Culture Magazine

Concert Review: The Royal Tasting Table

By Superconductor @ppelkonen
Mozart opera served tapas-style in The Illuminated Heart.
by Paul J. Pelkonen

Concert Review: The Royal Tasting Table

Burning down the house: Christine Goerke (center) sings Elettra in The Illuminated Heart
as Louis Langrée conducts. Photo © Richard Termine for Lincoln Center for the Performing Arts.

For an arts organization trying to interest new listeners in opera, the hardest thing to do is to convert skeptics to the power and beauty of this 500-year-old art form. Presumably, that was the intent behind The Illuminated Heart, a glitzy 75-minute arrangement of Mozart arias and ensembles that kicked off the 50th anniversary celebration of Mostly Mozart at Lincoln Center. Exactly the length of an old-fashioned CD, this program reminded one of those Mozart compilations that flooded record shops in 1985 following Amadeus' eight Oscar wins.
Each year, Mostly Mozart takes creative liberties with the dodgy acoustics of David Geffen Hall for its own needs. For this show, a second, smaller proscenium was constructed on the stage, brightening the sound in the theater and making it feel more like an opera house. Louis Langrée and the Mostly Mozart Festival Orchestra were demoted from the stage to an impromptu orchestra pit at the lip of the stage. Starting with the well-loved overture to Le Nozze di Figaro, they played with taut, urgent energy, leaping into their temporary role as an opera orchestra.
The program featured a starry array of singers, leapfrogging between six of the "big seven" Mozart operas, but (unaccountably) omitting Die Entführung aus dem Serail. (Its place was taken by an aria from the little-heard, unfinished opera Zaïde.) All the singing was done within the box, at once an acting surface and four-sided screen for the digital projections (by director Netia Jones) of imagery and surtitles that announced each number and accompanied the singers. As with the selections, some of these projections worked (the leaves for Die Zauberflöte, the gallery of silhouetted butterflies for Figaro) but others were dull, uninspired or just confusing.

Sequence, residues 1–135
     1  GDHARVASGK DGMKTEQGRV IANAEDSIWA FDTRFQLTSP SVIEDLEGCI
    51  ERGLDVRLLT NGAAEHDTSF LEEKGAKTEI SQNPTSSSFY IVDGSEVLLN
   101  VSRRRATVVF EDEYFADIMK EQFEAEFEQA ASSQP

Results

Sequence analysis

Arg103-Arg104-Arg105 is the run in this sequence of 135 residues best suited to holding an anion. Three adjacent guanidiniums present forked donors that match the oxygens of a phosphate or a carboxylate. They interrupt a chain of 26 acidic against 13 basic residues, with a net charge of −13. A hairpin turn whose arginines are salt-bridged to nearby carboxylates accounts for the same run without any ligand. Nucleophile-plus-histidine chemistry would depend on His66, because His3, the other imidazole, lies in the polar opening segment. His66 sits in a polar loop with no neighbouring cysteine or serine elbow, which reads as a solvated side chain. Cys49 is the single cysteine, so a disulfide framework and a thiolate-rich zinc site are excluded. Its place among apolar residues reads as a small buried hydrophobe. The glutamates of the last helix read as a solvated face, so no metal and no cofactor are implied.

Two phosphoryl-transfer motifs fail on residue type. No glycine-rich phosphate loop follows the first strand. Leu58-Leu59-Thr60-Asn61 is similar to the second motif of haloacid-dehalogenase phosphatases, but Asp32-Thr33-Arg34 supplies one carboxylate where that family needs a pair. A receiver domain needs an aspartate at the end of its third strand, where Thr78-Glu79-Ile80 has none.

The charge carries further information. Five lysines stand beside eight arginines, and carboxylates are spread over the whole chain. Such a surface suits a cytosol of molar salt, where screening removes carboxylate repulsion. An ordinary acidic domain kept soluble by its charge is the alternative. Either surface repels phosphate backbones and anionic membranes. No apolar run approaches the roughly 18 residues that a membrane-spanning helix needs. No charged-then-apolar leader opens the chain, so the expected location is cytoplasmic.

Luckily there was no confusion regarding the septet of artists recruited for this performance. Peter Mattei, Christine Goerke, Christopher Maltman and Marianne Crebass led this glittering cast, showing that the current state of Mozart singing is very healthy indeed. Ana Maria Martinez and Daniela Mack led off as an engaging Fiordiligi and Dorabella, sharing the duet "A guarda, sorella" from Act I of Cosí fan tutte. They were swiftly followed by Mr. Maltman's Papageno, an engaging fellow who made one wish that one were about to enter the magic world of Die Zauberflöte for a greater length of time.
On it went. Peter Mattei sang the Count in Figaro for three scenes Matthew Polenzani was Don Ottavio, singing a gorgeous, almost hypnotic "Dalla su pace." Ms. Crebassa and Nadine Sierra shared the tender Sesto-Vitellia duet from La Clemenza di Tito, followed later by Ms. Crebassa singing the great "Parto, parto, ma tu, ben mio." Nadine Sierra soared in the Zaïde excerpt, making one wish that Mozart had finished that opera. Almost everyone was onstage for the finale from Act I of Cosí, with the boys in fezzes and false mustaches and the girls merely confused by their antics.
The highlight of the second half of the evening was a pair of excerpts from Idomeneo, the 1781 Mozart opera seria that may be the best example ever of that  genre. The quartet "Andrò ramingo e solo" featured taut ensemble singing. Then, unaccountably, the opera was disrupted by Mr. Maltman, singing the "champagne aria" from Don giovanni. (Mr. Mattei, who sings this role regularly onstage at the Met, would have been preferable.) Ms. Goerke remained upstage during this bit of business, and then stepped forward.
Singing "O smania! O furie!," the soprano simply burned down the stage. She sang Elettra's aria with a ferocity and lack of inhibition that is usually reserved for full performances of operas. Her acting chops and intensity even outweighed the ridiculous Statue of Liberty headdress she was forced to wear, another poor costuming notion. She offered a thrilling performance, complete with jaw-dropping high notes as she called for "horned serpents" to tear out her heart. The climax was followed by another finale, the last scene of Figaro. However, following Ms. Goerke is a difficult thing to to, and this great reconciliation scene featuring the whole company seemed a little pallid.


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